Article IV - An Empirical Study of Corporate Governance and...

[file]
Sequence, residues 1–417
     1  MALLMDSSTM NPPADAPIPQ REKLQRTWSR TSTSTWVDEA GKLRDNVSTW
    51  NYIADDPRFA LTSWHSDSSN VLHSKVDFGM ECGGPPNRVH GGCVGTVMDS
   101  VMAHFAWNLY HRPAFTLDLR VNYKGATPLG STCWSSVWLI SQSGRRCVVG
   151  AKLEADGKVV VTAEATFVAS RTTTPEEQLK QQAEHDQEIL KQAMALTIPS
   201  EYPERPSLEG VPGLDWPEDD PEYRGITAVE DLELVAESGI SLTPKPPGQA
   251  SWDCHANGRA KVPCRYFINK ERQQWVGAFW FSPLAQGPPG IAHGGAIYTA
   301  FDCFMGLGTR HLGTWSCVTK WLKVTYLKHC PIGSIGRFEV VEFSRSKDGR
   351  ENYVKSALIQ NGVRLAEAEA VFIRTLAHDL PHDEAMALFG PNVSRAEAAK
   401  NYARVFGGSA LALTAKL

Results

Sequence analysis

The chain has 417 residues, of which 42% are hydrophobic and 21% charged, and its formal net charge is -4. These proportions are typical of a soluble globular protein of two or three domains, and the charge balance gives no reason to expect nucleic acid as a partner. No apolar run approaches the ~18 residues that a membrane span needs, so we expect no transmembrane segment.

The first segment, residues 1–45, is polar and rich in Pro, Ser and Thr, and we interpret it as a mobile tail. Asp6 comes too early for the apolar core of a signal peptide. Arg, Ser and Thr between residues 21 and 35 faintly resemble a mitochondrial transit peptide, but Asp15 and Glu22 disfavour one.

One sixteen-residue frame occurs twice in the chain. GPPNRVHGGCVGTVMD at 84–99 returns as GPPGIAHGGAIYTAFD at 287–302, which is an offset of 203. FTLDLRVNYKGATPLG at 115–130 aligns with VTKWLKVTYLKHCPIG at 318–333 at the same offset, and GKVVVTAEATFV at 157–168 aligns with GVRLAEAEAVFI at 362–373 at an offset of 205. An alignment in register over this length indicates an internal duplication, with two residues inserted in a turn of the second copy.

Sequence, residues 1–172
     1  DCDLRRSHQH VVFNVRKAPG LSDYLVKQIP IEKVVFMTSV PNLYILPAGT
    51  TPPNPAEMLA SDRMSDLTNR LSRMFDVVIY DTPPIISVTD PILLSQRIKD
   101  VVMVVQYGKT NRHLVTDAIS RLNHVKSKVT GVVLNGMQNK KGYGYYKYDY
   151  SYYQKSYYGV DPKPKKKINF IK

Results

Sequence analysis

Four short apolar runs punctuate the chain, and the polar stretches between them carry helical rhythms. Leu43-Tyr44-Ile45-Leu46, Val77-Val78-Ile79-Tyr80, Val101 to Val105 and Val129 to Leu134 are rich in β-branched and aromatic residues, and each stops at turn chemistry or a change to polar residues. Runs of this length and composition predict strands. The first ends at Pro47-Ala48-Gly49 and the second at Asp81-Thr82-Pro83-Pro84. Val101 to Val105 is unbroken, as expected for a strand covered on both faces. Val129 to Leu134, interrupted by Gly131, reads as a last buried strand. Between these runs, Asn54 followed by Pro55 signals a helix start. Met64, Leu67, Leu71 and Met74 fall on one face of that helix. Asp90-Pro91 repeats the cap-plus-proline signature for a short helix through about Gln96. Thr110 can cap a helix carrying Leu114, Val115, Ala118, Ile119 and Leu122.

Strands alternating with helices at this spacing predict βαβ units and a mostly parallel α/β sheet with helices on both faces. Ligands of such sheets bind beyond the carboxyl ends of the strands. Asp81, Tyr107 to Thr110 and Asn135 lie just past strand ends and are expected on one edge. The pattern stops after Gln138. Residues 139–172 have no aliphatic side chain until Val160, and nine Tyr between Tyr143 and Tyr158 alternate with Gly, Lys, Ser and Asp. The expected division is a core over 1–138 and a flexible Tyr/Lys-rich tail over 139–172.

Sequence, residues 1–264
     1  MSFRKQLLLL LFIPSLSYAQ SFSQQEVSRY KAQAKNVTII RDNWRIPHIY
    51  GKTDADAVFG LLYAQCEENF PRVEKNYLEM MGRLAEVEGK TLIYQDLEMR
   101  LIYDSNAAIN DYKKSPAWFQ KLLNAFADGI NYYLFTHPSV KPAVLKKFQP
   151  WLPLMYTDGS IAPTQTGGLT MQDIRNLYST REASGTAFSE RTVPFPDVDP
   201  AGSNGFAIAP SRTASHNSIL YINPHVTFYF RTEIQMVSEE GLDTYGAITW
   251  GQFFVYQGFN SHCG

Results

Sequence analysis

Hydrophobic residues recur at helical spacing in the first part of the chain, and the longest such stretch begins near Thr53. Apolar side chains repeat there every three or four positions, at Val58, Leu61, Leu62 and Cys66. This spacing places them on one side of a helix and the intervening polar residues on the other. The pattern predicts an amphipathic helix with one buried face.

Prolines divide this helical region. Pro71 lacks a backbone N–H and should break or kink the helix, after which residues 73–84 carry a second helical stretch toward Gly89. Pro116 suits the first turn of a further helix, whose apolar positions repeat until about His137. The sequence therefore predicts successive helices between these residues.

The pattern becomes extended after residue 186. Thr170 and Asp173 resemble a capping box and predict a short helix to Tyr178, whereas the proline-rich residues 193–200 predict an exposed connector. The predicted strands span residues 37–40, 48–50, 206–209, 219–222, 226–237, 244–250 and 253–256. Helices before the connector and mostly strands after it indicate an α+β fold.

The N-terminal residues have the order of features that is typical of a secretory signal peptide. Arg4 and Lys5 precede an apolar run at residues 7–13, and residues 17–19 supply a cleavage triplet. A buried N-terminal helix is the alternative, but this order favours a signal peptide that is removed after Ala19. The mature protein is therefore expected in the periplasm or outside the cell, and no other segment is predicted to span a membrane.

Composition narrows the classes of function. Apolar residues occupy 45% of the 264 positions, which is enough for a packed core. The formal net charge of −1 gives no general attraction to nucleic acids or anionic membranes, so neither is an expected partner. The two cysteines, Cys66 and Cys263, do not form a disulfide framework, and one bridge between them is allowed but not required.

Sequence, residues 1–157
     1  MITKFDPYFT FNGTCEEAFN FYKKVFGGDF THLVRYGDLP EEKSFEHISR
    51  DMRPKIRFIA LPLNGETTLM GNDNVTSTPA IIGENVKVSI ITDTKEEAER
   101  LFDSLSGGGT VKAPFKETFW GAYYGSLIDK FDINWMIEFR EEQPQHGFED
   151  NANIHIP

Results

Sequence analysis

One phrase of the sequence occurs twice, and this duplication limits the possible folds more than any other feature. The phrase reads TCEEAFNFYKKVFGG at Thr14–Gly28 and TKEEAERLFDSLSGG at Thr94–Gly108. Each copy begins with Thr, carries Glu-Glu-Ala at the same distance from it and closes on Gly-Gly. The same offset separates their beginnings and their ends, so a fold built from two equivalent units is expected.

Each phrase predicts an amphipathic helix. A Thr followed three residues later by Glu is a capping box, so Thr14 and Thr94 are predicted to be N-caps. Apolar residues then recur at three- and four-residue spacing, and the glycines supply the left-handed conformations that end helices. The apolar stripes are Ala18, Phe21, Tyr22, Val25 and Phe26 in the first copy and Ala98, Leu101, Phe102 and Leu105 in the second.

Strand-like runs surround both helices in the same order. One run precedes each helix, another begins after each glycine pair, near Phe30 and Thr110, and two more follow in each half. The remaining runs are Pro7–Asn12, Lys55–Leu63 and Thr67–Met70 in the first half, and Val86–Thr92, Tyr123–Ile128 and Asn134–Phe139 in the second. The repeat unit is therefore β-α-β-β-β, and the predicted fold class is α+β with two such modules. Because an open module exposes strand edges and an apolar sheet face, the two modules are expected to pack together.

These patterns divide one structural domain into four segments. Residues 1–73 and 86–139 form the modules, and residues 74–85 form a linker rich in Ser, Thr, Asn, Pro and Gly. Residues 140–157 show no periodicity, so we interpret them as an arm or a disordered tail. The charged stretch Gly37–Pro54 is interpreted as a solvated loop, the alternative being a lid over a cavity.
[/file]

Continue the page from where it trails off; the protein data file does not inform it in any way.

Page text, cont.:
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An Empirical Study of Corporate Governance and Corporate Performance Hsiang-tsai Chiang, Feng Chia University, Taiwan ABSTRACT Recent accounting scandals have renewed attention to corporate transparency. According to signaling theory, under information asymmetry, corporations with superior information transparency signal better corporate governance. Prior research also indicates that corporations that have better corporate governance signal better performance. This study provides an empirical analysis of the relationship between information transparency and corporate governance in Taiwan’s high-tech industry. This research adopts Standard & Poor’s (S&P) information transparency measurement criteria to gauge information transparency of selected companies. Companies’ annual reports are used in S&P research. However, from the investor’s point of view, transparency information can be obtained not only from the annual report but also from other public sources, such as the company’s web site and the Taiwanese Security Exchange Committee and Taiwan Economic Journal databases. Therefore, this study supplements S&P criteria with information gathered from all public materials in order to obtain more comprehensive transparency information. The results indicate that board size, board ownership, institution ownership, financial transparency, information disclosure, and board and management structure and process have significant relationships with operating performance. The results of this study also support that information transparency is one of the most important indicators for evaluating corporate performance. INTRODUCTION Recent accounting scandals have renewed attention to corporate transparency. According to signaling theory, under information asymmetry, corporations with superior information transparency signal better corporate governance. Prior research also indicates that corporations that have better corporate governance signal better performance. This study provides an empirical analysis of the relationship between information transparency and corporate governance in Taiwan’s high-tech industry. LITERATURE REVIEW Signaling Theory The theory base of this study is signaling theory. Spence (1973) states that if information asymmetry exists between a company’s managers and investors, the company can provide information to the investor in order to eliminate the asymmetry. In other words, if information asymmetry exists, there is no way for the investor to understand the real situation of the company’s operations. Prior research indicates that investors rely on the information sent out from the company to make investment decisions (Leland and Pyle, 1977; Ross, 1977; Bhattacharya, 1979; Ambarish, John and Williams, 1987; Poitevin, 1990; Ravid and Saring, 1991). In practice, companies with good operating performance often disclose information to the public to promote positive impressions of their company.
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